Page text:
Tim Zuck’s dedicated approach to painting and drawing has produced a distinct and visually striking body of work. His images are deceptively simple on the surface; upon focused looking they reveal complex formal relationships that underscore the process of perception. Landscape, still life, abstraction, and the human figure have been the focus of his investigations. Often, his works will hover between categories, subtly examining the codes of representation. Zuck’s process is intense. The formal elements of each piece are meticulously re-worked until the desired effect is achieved. As a result, each painting or drawing is condensed and lucid, a concentration which creates resonance with the viewer. Each image contains a vivid sense of visual discovery.
Zuck earned a BFA from the Nova Scotia College of Art and Design (NSCAD) in 1971 and an MFA from the California Institute of the Arts in Valencia in 1972, both gathering places for an international group of conceptual artists. During his studies Zuck explored a range of process-oriented projects, including performance, film, video and photography, producing important works such as 100 Pennies (1971). He was an assistant professor at NSCAD from 1972 – 79, and during this time his focus turned increasingly to paintings. Zuck left NSCAD in 1979 to pursue painting full time at his studio, then located in Purcell’s Cove, Nova Scotia. From 2001 he has been an instructor at the Alberta College of Art & Design in Calgary. He now lives in Penetanguishine, Ontario and keeps a studio in Georgian Bay.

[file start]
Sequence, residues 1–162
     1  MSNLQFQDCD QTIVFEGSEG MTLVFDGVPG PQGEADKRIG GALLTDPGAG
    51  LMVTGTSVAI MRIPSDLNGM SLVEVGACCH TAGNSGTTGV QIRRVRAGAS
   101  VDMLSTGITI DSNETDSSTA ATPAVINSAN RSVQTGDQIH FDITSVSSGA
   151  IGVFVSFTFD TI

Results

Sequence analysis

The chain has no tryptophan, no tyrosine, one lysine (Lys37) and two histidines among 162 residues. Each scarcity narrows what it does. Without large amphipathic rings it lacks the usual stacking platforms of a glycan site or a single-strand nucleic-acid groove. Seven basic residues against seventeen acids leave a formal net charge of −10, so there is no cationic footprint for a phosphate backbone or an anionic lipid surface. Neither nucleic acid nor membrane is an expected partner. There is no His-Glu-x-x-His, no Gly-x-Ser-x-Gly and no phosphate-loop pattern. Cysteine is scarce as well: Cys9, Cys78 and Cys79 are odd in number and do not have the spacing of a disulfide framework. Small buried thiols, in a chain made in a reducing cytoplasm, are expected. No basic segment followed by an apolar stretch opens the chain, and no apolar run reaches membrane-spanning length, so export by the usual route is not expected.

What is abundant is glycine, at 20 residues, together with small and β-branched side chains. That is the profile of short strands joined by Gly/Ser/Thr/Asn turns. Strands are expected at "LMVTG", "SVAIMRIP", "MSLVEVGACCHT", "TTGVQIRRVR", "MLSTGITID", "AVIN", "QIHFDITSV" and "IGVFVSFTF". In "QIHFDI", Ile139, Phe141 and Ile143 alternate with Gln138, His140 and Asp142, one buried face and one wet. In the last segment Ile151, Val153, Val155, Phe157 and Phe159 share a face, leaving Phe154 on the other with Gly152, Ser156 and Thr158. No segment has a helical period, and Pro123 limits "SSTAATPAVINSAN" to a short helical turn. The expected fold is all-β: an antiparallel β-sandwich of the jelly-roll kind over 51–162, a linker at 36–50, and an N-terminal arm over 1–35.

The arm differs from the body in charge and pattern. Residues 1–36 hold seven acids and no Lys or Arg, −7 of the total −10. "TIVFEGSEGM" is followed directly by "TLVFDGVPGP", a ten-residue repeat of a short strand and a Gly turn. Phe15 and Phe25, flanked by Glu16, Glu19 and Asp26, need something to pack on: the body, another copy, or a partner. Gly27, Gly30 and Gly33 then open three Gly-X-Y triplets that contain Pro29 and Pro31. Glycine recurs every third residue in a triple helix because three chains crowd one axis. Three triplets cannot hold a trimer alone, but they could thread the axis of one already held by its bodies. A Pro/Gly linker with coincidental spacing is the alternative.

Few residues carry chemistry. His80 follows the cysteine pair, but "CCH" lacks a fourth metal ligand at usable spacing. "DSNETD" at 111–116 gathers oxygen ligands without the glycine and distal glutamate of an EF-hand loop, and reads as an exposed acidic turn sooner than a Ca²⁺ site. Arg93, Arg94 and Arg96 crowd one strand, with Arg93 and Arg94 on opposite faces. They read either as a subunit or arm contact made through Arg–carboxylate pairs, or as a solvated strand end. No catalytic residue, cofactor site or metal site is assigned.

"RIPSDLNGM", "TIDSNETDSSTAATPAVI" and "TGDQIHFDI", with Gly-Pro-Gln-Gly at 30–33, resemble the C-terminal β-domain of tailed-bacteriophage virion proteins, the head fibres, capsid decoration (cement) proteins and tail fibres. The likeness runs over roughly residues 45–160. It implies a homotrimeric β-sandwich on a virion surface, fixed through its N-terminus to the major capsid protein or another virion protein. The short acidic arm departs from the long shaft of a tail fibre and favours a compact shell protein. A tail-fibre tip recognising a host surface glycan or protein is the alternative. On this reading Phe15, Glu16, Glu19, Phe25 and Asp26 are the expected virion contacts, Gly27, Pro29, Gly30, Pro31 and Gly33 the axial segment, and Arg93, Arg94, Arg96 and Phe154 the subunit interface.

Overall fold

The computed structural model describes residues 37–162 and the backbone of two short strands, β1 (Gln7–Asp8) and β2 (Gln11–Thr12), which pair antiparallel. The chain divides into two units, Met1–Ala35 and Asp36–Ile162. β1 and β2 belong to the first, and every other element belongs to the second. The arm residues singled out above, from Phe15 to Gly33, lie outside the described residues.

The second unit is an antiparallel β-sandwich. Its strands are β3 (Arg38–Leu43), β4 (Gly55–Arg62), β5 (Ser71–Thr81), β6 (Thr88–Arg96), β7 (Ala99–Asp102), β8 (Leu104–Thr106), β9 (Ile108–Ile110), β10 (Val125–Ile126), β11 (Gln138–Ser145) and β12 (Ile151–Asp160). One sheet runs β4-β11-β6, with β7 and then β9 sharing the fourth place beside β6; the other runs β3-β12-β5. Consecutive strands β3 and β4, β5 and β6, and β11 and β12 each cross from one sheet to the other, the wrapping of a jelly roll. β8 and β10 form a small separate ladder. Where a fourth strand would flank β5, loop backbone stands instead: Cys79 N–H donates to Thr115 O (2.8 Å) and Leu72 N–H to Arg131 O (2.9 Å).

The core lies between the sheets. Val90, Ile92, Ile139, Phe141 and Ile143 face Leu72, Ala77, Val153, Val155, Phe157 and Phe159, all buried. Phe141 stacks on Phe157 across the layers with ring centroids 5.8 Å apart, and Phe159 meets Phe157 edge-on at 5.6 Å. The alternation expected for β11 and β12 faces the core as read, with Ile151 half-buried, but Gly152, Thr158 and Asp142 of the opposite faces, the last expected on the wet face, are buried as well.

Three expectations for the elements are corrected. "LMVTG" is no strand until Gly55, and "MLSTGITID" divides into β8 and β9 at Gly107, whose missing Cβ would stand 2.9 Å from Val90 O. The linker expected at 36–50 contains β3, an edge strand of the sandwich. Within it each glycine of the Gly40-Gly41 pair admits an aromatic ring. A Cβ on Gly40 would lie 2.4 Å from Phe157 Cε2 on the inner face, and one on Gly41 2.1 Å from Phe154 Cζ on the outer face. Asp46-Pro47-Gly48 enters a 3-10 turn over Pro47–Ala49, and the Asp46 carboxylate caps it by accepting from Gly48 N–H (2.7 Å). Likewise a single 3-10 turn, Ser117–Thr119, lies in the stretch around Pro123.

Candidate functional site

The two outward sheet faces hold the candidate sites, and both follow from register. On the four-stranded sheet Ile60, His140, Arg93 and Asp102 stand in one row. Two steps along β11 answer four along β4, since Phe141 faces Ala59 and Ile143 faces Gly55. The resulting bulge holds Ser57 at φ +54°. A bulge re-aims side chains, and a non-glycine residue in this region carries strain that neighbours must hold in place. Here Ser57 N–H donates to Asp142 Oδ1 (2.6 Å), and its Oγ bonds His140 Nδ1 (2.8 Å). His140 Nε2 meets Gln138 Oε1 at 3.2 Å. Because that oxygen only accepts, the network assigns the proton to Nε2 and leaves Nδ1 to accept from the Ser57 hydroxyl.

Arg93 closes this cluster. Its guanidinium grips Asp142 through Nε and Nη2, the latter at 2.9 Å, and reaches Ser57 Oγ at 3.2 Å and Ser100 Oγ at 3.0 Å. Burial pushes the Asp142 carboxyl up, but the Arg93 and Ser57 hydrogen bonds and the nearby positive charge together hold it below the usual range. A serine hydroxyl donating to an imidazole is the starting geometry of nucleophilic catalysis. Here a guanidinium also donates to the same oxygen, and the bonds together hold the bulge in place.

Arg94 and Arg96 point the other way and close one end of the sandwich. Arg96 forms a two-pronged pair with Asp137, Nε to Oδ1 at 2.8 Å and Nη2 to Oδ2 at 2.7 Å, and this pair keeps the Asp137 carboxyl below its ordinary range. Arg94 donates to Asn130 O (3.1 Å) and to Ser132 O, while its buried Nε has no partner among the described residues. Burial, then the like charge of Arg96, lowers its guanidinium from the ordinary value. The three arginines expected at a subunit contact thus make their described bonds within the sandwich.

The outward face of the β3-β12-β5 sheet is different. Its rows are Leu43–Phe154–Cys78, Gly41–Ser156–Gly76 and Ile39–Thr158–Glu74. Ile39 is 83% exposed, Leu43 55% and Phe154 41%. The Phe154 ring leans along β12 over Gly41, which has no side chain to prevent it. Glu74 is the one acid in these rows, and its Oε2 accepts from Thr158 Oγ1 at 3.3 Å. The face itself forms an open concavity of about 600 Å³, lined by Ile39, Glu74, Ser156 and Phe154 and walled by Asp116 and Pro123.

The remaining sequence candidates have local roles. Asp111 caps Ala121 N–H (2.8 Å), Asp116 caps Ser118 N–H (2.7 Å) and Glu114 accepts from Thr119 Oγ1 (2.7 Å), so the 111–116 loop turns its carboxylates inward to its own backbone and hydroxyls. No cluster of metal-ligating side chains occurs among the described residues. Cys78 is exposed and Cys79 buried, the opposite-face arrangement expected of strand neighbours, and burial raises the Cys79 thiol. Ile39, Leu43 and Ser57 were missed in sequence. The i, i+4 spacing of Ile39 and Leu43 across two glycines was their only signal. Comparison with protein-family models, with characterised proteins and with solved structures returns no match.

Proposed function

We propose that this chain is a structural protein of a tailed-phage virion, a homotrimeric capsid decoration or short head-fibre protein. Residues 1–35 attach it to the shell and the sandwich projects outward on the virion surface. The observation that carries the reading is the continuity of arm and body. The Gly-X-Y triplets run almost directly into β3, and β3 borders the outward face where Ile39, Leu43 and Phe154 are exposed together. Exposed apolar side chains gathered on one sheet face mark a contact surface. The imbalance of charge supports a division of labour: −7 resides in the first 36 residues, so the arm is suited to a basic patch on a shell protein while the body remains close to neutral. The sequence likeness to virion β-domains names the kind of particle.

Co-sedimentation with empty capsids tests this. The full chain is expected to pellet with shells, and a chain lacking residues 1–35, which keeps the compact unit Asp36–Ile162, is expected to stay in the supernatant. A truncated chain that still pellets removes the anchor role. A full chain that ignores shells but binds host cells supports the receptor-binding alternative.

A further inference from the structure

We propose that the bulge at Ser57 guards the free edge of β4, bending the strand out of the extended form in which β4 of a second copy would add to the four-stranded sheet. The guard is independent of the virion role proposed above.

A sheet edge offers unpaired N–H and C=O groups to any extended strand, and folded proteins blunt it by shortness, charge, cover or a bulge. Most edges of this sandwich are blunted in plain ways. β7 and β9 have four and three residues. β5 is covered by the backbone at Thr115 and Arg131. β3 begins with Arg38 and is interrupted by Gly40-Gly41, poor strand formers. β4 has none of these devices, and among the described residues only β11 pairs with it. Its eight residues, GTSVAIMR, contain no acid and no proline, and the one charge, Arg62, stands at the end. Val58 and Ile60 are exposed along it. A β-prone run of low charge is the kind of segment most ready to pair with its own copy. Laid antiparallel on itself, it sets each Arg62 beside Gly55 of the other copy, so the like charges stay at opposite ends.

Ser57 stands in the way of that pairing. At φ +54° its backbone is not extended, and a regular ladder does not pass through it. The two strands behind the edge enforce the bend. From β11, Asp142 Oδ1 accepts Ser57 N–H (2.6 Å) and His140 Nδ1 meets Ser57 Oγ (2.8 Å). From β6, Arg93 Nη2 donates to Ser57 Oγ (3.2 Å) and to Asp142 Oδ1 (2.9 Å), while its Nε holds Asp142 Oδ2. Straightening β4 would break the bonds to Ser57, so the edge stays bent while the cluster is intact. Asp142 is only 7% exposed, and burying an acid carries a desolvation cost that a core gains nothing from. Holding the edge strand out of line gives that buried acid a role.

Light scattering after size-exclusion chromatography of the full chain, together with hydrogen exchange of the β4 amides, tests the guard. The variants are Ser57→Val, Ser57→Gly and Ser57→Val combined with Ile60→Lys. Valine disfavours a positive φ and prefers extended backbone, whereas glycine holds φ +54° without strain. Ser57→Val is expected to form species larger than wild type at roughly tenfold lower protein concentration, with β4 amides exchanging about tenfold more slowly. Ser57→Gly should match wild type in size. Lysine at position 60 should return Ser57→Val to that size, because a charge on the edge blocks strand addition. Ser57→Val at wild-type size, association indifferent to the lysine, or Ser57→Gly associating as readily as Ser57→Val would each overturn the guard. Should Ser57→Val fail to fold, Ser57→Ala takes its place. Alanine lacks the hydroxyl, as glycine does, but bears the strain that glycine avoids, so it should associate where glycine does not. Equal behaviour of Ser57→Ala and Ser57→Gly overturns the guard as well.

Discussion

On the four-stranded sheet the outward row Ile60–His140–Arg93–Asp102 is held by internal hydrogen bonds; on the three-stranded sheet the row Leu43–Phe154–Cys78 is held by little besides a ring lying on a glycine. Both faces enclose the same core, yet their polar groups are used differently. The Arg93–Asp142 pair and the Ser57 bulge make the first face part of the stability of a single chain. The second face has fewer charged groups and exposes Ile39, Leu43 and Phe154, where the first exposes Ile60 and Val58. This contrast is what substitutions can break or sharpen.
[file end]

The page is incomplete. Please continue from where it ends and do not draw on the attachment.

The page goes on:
Tim Zuck has been the subject of numerous solo exhibitions, including the internationally touring Tim Zuck: Learning to Talk (2002 – 3) and Tim Zuck: Still Life in Landscape (1997 – 8). His works have been exhibited at: the National Gallery of Canada; Art Gallery of Ontario; Justina M. Barnicke Gallery, Toronto; Art Gallery of Nova Scotia; Yukon Arts Centre Gallery, Whitehorse; Walter Phillips Gallery, Banff; Back Sang Gallery, Seoul, Korea; Expo ‘93, Taejon, Korea and the Canadian Embassy Art Gallery, Tokyo, Japan.
His works are held in numerous private collections and public institutions including the National Gallery of Canada, Canada Council Art Bank, Glenbow Museum, Art Gallery of Hamilton, McMichael Canadian Art Collection, Vancouver Art Gallery, Winnipeg Art Gallery, Art Gallery of Nova Scotia, Museum London and Art Gallery of Ontario, which also holds a fond of his ephemera.
For more information contact